Can I Eat This? Creamy Pork Stew Edition
October 25, 2015 8:16 AM   Subscribe

Last night I made this recipe for a creamy pork shoulder stew (which was delicious). Everything was thoroughly cooked as it was simmering for probably 1.5+ hours. I put the leftovers in a covered (but not sealed) container and forgot to put it in the fridge. I just found it this morning, so it was sitting out for about 12 hours. Can I eat this? I was thinking I could throw everything in a pot and boil it again, or perhaps microwave it.
posted by gumtree to Food & Drink (24 answers total) 1 user marked this as a favorite
Pork and heavy cream sitting out all night? Not just no but hell no.
posted by Dip Flash at 8:20 AM on October 25, 2015 [25 favorites]

Well, no one can really make that call but you. If you are a healthy adult, the risk is low but not zero. I come from a family where soups / chilis were left on the stove and reheated as needed or at least once a day, and had it been left in the pot I would eat it without a second thought, but strangely, the fact that it was transferred to a separate container would give me pause.
posted by Nothing at 8:34 AM on October 25, 2015 [3 favorites]

Theee hours would be risky. Six hours would be extremely risky. Twelve hours is insane. Please please do not eat this.
posted by Itaxpica at 8:48 AM on October 25, 2015 [3 favorites]

posted by limeonaire at 9:00 AM on October 25, 2015 [1 favorite]

I'm in the "the risk is low but still present" category. I don't see how pork and cream really change things... once the pork is cooked, the stuff that's specifically dangerous in pork is taken care of, and if the cream has gone bad it will taste awful and you won't eat it.

I would not recommend that anyone else eat it but honestly if it was me I probably would have deliberately not done the math on how long it was out and pretended it was definitely OK so that I could just go ahead and eat it.
posted by mskyle at 9:04 AM on October 25, 2015 [5 favorites]

I would eat it in a heartbeat, but if you're worried, don't.
posted by mnfn at 9:05 AM on October 25, 2015

I'd heat it up really really well and then eat it.
posted by jeff-o-matic at 9:11 AM on October 25, 2015

I would think the problem with reheating it enough to kill anything that might have started overnight is that that kind of temperature and time is going to play havoc with the dairy in the recipe. Honestly, between the potential risk of contamination and the strong likelihood of a kind of nasty grainy texture in a best-case scenario, discarding is my recommendation.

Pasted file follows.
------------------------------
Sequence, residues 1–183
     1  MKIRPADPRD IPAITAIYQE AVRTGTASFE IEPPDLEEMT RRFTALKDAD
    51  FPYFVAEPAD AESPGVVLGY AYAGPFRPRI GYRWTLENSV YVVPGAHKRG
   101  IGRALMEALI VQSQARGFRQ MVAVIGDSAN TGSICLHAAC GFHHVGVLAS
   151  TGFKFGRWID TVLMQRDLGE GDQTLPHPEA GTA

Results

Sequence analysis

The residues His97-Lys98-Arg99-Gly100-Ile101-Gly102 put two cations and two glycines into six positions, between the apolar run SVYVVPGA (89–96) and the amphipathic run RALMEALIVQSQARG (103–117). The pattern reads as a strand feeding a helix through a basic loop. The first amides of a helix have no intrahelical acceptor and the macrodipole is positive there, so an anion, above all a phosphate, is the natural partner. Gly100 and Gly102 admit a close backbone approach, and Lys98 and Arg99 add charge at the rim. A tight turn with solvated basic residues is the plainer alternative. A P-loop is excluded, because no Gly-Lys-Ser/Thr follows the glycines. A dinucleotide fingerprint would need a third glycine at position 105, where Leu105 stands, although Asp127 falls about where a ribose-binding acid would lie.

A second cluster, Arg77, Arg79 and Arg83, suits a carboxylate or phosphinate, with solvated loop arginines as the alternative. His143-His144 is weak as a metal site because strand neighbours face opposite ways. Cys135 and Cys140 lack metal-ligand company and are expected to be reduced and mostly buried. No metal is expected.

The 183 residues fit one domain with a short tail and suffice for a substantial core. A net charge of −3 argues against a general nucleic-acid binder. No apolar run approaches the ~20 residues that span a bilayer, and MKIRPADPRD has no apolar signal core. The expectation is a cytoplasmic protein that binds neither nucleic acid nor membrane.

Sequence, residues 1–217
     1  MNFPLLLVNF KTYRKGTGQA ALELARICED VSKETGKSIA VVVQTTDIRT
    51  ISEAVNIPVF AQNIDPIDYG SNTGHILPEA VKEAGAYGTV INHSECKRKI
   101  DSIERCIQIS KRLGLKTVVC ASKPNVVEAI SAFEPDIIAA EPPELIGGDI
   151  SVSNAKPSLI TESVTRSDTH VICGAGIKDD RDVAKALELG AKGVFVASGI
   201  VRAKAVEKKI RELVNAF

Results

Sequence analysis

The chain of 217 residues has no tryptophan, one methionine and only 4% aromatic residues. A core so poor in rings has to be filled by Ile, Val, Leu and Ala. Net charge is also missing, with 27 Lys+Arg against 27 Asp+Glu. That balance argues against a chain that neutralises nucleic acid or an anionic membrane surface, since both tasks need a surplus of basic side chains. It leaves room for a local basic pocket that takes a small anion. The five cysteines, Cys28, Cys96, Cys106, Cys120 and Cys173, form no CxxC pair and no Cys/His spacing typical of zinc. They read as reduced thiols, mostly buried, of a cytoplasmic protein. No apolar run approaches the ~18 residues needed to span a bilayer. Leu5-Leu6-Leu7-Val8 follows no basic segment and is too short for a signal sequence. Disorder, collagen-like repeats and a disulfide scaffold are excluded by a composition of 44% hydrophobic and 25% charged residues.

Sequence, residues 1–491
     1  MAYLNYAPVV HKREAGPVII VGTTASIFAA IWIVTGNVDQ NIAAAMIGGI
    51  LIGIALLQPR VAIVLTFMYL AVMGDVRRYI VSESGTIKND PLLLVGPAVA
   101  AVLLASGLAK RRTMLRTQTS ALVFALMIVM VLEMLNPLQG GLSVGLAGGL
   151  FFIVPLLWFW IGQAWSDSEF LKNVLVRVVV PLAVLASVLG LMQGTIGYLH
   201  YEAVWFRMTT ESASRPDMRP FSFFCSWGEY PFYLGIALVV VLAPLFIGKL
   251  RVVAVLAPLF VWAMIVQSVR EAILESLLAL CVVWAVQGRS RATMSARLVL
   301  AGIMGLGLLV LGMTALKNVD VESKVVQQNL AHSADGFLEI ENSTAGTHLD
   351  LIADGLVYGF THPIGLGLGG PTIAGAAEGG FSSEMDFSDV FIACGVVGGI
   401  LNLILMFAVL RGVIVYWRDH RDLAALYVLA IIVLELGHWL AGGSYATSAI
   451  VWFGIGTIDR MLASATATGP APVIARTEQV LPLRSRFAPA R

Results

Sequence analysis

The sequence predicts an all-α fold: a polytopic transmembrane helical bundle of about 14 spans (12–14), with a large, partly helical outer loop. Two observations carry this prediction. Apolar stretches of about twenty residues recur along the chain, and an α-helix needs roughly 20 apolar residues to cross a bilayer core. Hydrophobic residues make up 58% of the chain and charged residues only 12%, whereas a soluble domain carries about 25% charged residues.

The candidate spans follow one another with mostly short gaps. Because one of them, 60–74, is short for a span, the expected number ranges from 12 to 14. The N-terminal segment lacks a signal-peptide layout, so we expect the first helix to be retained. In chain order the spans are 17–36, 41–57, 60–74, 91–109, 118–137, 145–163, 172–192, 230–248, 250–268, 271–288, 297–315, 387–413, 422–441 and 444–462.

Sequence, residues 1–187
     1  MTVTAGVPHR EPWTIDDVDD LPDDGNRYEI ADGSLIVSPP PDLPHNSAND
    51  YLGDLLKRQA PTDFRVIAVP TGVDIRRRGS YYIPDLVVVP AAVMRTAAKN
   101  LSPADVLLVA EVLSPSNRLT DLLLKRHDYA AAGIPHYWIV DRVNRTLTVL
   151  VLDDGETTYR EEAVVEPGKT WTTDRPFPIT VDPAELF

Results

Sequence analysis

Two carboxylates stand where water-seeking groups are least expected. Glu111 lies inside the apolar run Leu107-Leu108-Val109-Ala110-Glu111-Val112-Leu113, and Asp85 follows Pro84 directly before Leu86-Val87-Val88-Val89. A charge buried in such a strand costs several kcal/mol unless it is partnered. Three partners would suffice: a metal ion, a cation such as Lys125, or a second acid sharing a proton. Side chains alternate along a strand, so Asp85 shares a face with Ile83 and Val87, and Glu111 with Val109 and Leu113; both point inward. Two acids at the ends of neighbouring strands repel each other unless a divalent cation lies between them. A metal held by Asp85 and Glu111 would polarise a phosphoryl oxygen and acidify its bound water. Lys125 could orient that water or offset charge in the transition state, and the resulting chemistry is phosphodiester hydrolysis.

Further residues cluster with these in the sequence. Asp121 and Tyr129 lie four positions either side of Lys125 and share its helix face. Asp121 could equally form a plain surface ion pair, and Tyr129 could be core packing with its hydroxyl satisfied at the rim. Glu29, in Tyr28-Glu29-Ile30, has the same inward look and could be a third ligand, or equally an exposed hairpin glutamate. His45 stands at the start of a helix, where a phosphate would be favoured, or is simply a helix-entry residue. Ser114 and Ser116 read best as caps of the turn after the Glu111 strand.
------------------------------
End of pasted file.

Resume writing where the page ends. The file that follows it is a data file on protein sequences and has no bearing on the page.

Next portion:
posted by GenjiandProust at 9:28 AM on October 25, 2015 [3 favorites]

what was the temperature? here, now, i would probably eat it. but in a place with central heating, likely not.
posted by andrewcooke at 9:32 AM on October 25, 2015

Best answer: It probably sat at the most bacteria growth inducing temperatures for hours. Even if you boil it the remaining toxins excreted by said bacteria will remain. I would NOT eat this no matter how delicious it was when you made it.
posted by leslies at 9:34 AM on October 25, 2015 [10 favorites]

No! You can't eat it.
posted by thelonius at 9:36 AM on October 25, 2015 [2 favorites]

Reheating it will make no difference; you cannot undo decomposition or the sort of bacterial growth that causes illness in food that has sat outside the safety zone. If you're going to eat it, it will be the same risk whether you stick a spoon in it right now or heat it up.

I would eat it. I wouldn't feed it to guests, but I would eat it and take my chances. I have eaten things like it and not had a problem. Still wouldn't feed it to guests, as it has sat over 40 and under 140-160 degrees for more than two hours total (TOTAL, you cannot restart the clock, not even by making it really hot.).
posted by Lyn Never at 9:39 AM on October 25, 2015 [4 favorites]

No, no, no! Cream and pork left out? No. No. No. high chances of getting symptoms.
posted by djinn dandy at 9:58 AM on October 25, 2015 [1 favorite]

Best answer: There are pathogens and toxins from food poisoning that survive high temperatures. Food left out is a lovely growth environment for food poisoning. Food stored in a covered container while quite hot is sometimes okay. I had food poisoning a year ago and was extremely ill for 3 days, and not really well for about a month. I wouldn't risk it. If you are young and healthy, you could try a sample, see how you feel after 12 hours, then decide.
posted by theora55 at 10:07 AM on October 25, 2015 [2 favorites]